A healthcare charity transferred a £3m donation to a subsidiary company to help run a hotel business despite little prospect of recouping the money, the Charity Commission has found.
Odyssey (Tendercare) Ltd, which was established as a charity in 2004 to provide therapies and healing treatments to people with cancer and their carers, was liquidated in 2014. Before 2004, it had operated as a trust called the Odyssey Foundation.
A report of a statutory inquiry into the charity, published by the regulator today, says that in 2003 Odyssey provided a £3m loan to its subsidiary company Reeds Hotel Ltd to clear overdrafts.
The commission found that the trustees were unable to demonstrate they had made the decision to lend the money to the subsidiary properly, and says the charity lost money as a "direct result of improper decision-making".
One of the charity’s trustees, Thomas Hazeldine, has been disqualified from being a charity trustee, having already been disqualified from being a company director. Another trustee, Richard Morgan, was removed from this particular position by the Charity Commission.
The regulator found that both people had committed acts of misconduct and breaches of fiduciary duty.
The Charity Commission’s investigation into Odyssey (Tendercare) Ltd, which was based in north Lincolnshire, came after a warning from the charity’s auditors in 2008 about the £3m loan.
The charity’s three founding trustees had bought a six-bedroom guest house and two cottages in the 1990s, the regulator’s report said.
The guest house was converted into a hotel under the name Reeds Hotel and the cottages became a therapy centre.
Another subsidiary company called Odyssey Holdings Ltd owned the land and building, the directors of which were Hazeldine and Morgan – two of the original trustees of the charity. Hazeldine was also a director at Reeds Hotel Ltd.
The commission opened an investigation into the charity in 2008. The Charity Commission’s report says there were "varying levels of cooperation from the trustees" and a lack of information and documentation about the loan and the wider management of the charity. The trustees were therefore issued with formal orders to compel them to answer the commission’s questions. This led to two meetings between the commission and the charity.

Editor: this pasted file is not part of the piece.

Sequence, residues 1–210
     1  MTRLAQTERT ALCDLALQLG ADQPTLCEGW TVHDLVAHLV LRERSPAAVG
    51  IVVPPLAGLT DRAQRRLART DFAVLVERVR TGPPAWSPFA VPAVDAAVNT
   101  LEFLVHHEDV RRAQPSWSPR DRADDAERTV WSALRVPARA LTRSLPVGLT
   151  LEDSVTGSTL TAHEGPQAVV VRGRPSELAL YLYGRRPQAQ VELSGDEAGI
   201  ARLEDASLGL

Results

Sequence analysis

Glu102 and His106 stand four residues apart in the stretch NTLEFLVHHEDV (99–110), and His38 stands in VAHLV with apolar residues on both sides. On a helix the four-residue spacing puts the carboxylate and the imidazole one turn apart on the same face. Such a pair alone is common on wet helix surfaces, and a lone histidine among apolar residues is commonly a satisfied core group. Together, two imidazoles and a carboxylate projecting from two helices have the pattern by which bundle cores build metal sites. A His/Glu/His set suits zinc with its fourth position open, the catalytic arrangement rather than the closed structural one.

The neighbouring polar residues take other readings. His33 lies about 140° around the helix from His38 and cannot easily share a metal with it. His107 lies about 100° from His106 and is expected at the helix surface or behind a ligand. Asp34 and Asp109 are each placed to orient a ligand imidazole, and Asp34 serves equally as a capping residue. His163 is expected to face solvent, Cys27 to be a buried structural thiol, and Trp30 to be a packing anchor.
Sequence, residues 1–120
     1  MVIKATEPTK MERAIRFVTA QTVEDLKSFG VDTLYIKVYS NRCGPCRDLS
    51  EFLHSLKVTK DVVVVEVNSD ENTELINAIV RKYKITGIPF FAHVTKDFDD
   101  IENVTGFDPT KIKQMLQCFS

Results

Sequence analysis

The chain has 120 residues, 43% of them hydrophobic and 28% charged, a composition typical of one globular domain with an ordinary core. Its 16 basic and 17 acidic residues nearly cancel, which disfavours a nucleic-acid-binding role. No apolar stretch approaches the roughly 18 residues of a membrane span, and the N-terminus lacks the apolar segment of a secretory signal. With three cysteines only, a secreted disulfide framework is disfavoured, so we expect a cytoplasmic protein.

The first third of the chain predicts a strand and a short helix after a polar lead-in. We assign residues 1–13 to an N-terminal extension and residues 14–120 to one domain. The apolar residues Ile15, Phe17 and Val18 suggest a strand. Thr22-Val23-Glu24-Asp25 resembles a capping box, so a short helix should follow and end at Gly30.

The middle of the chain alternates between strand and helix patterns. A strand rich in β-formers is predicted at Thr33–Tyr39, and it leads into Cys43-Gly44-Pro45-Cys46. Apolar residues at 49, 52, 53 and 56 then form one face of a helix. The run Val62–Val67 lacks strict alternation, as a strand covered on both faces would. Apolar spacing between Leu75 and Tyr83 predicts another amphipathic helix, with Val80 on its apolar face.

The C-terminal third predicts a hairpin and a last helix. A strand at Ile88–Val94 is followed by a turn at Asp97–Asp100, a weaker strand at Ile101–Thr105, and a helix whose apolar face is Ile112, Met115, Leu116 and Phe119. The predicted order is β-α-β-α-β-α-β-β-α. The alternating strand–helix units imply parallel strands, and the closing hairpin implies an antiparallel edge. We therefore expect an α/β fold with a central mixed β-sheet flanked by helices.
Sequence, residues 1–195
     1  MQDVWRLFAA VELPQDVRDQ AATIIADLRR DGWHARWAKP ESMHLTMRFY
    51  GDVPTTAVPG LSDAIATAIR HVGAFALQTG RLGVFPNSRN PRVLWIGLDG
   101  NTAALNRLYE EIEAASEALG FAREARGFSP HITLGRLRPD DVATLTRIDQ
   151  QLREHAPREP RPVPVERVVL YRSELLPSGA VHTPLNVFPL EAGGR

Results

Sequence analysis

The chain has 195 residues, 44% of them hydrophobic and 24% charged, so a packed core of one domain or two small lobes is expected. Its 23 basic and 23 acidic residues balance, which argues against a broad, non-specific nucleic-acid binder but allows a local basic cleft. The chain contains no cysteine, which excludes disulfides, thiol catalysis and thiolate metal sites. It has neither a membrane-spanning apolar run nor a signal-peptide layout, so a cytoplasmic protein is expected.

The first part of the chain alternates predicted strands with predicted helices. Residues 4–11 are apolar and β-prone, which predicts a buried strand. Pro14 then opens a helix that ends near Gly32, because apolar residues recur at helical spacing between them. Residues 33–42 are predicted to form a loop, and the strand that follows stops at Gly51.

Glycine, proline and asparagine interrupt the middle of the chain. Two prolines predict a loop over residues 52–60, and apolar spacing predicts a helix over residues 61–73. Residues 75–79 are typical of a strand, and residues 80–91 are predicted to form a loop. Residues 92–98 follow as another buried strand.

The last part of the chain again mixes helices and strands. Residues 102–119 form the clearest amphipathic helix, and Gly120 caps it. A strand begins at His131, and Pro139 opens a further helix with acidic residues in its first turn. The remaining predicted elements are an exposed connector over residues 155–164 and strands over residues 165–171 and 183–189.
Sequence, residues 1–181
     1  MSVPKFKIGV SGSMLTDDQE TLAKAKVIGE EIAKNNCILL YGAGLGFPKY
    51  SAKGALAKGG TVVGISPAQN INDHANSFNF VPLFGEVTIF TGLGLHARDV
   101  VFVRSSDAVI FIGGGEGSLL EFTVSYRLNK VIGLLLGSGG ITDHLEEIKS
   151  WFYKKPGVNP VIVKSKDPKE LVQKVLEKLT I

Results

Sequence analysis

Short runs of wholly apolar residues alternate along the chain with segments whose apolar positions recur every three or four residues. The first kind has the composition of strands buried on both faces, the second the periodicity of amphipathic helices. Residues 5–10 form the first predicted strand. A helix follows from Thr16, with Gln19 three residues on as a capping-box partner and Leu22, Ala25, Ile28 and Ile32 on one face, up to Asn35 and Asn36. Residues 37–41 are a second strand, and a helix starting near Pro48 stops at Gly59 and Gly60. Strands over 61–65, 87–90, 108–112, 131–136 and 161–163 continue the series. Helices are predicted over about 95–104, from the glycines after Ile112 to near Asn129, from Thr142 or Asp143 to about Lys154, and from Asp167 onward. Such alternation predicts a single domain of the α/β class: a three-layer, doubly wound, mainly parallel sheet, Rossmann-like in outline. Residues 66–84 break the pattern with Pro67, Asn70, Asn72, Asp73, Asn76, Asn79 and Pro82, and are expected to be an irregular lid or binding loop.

In 2005, the charity claimed Gift Aid on some payments, claiming they were charitable donations. HM Revenue & Customs later tried to recover the money, and a final tax demand was issued to the charity in 2013, leading to Odyssey (Tendercare) Ltd being placed in voluntary liquidation on 13 June 2014.
In July 2009, the commission discovered that HM Revenue & Customs had presented a petition for insolvency against Reeds Hotel and it had subsequently gone into administration. This occurred before the second meeting between the trustees and the commission, in which the commission says the company was specifically discussed.
A new social enterprise was created and the activities of Reeds Hotel Ltd was sold to it, the commission says. The trustees said the social enterprise would donate its profits to the charity, although the commission says this was not a formalised arrangement.
In January 2013, £59,000 was transferred from the charity to Odyssey Holdings Ltd. The commission found that this left the charity balance sheet insolvent and with only £413.87 in its bank account. The subsidiary company was also balance-sheet insolvent and was probably unable to repay this money, according to the Charity Commission.
This £59,000 loan also breached an order made by the regulator restricting the transactions into which the trustees could enter.
Two independent trustees were appointed to the charity in October 2011, but the commission found that the independent trustees were not included in all decision-making arrangements. They resigned on 4 February 2013.